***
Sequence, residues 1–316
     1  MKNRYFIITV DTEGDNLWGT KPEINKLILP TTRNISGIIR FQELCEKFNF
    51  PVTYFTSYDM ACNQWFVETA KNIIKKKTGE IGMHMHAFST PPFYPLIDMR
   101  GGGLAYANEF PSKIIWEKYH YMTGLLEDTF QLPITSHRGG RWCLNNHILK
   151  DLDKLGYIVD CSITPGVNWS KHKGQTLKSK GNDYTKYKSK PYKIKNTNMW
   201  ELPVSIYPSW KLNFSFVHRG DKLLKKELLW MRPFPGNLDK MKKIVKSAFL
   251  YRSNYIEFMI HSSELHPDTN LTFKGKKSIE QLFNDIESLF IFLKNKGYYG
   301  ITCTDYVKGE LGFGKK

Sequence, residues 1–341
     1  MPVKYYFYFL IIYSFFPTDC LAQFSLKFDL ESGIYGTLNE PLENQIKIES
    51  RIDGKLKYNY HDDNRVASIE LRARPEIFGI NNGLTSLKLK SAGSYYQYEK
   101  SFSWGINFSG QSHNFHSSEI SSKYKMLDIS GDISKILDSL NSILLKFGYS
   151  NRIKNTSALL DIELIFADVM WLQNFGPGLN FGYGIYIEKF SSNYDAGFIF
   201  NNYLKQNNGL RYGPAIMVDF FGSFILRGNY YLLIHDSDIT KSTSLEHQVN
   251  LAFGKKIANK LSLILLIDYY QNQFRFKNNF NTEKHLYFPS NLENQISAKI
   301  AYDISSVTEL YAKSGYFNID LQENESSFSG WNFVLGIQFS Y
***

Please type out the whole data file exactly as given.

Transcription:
Sequence, residues 1–316
     1  MKNRYFIITV DTEGDNLWGT KPEINKLILP TTRNISGIIR FQELCEKFNF
    51  PVTYFTSYDM ACNQWFVETA KNIIKKKTGE IGMHMHAFST PPFYPLIDMR
   101  GGGLAYANEF PSKIIWEKYH YMTGLLEDTF QLPITSHRGG RWCLNNHILK
   151  DLDKLGYIVD CSITPGVNWS KHKGQTLKSK GNDYTKYKSK PYKIKNTNMW
   201  ELPVSIYPSW KLNFSFVHRG DKLLKKELLW MRPFPGNLDK MKKIVKSAFL
   251  YRSNYIEFMI HSSELHPDTN LTFKGKKSIE QLFNDIESLF IFLKNKGYYG
   301  ITCTDYVKGE LGFGKK

Sequence, residues 1–341
     1  MPVKYYFYFL IIYSFFPTDC LAQFSLKFDL ESGIYGTLNE PLENQIKIES
    51  RIDGKLKYNY HDDNRVASIE LRARPEIFGI NNGLTSLKLK SAGSYYQYEK
   101  SFSWGINFSG QSHNFHSSEI SSKYKMLDIS GDISKILDSL NSILLKFGYS
   151  NRIKNTSALL DIELIFADVM WLQNFGPGLN FGYGIYIEKF SSNYDAGFIF
   201  NNYLKQNNGL RYGPAIMVDF FGSFILRGNY YLLIHDSDIT KSTSLEHQVN
   251  LAFGKKIANK LSLILLIDYY QNQFRFKNNF NTEKHLYFPS NLENQISAKI
   301  AYDISSVTEL YAKSGYFNID LQENESSFSG WNFVLGIQFS Y